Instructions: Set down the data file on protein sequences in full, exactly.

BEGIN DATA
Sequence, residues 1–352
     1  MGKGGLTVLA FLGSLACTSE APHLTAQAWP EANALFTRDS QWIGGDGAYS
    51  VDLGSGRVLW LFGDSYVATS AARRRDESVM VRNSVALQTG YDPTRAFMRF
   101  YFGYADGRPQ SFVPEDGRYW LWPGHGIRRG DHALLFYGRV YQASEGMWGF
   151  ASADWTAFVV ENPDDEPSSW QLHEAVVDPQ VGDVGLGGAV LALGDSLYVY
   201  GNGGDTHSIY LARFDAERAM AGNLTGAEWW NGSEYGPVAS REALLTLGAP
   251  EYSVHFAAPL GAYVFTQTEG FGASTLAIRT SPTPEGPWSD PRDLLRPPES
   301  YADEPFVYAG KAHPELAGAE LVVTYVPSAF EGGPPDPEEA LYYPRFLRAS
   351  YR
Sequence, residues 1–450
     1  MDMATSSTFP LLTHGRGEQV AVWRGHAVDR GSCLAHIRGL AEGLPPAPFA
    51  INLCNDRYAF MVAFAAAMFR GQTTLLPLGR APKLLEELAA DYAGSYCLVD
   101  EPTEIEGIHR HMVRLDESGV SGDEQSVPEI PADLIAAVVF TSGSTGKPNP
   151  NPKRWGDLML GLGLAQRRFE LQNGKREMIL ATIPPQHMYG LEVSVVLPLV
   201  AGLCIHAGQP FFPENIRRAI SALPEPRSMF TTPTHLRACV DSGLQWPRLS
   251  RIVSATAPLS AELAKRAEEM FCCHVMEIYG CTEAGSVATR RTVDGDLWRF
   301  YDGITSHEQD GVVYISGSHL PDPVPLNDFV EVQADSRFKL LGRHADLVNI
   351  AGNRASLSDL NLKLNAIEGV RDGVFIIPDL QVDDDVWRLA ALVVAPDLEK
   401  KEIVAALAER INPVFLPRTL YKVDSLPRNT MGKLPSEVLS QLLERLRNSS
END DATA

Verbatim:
Sequence, residues 1–352
     1  MGKGGLTVLA FLGSLACTSE APHLTAQAWP EANALFTRDS QWIGGDGAYS
    51  VDLGSGRVLW LFGDSYVATS AARRRDESVM VRNSVALQTG YDPTRAFMRF
   101  YFGYADGRPQ SFVPEDGRYW LWPGHGIRRG DHALLFYGRV YQASEGMWGF
   151  ASADWTAFVV ENPDDEPSSW QLHEAVVDPQ VGDVGLGGAV LALGDSLYVY
   201  GNGGDTHSIY LARFDAERAM AGNLTGAEWW NGSEYGPVAS REALLTLGAP
   251  EYSVHFAAPL GAYVFTQTEG FGASTLAIRT SPTPEGPWSD PRDLLRPPES
   301  YADEPFVYAG KAHPELAGAE LVVTYVPSAF EGGPPDPEEA LYYPRFLRAS
   351  YR
Sequence, residues 1–450
     1  MDMATSSTFP LLTHGRGEQV AVWRGHAVDR GSCLAHIRGL AEGLPPAPFA
    51  INLCNDRYAF MVAFAAAMFR GQTTLLPLGR APKLLEELAA DYAGSYCLVD
   101  EPTEIEGIHR HMVRLDESGV SGDEQSVPEI PADLIAAVVF TSGSTGKPNP
   151  NPKRWGDLML GLGLAQRRFE LQNGKREMIL ATIPPQHMYG LEVSVVLPLV
   201  AGLCIHAGQP FFPENIRRAI SALPEPRSMF TTPTHLRACV DSGLQWPRLS
   251  RIVSATAPLS AELAKRAEEM FCCHVMEIYG CTEAGSVATR RTVDGDLWRF
   301  YDGITSHEQD GVVYISGSHL PDPVPLNDFV EVQADSRFKL LGRHADLVNI
   351  AGNRASLSDL NLKLNAIEGV RDGVFIIPDL QVDDDVWRLA ALVVAPDLEK
   401  KEIVAALAER INPVFLPRTL YKVDSLPRNT MGKLPSEVLS QLLERLRNSS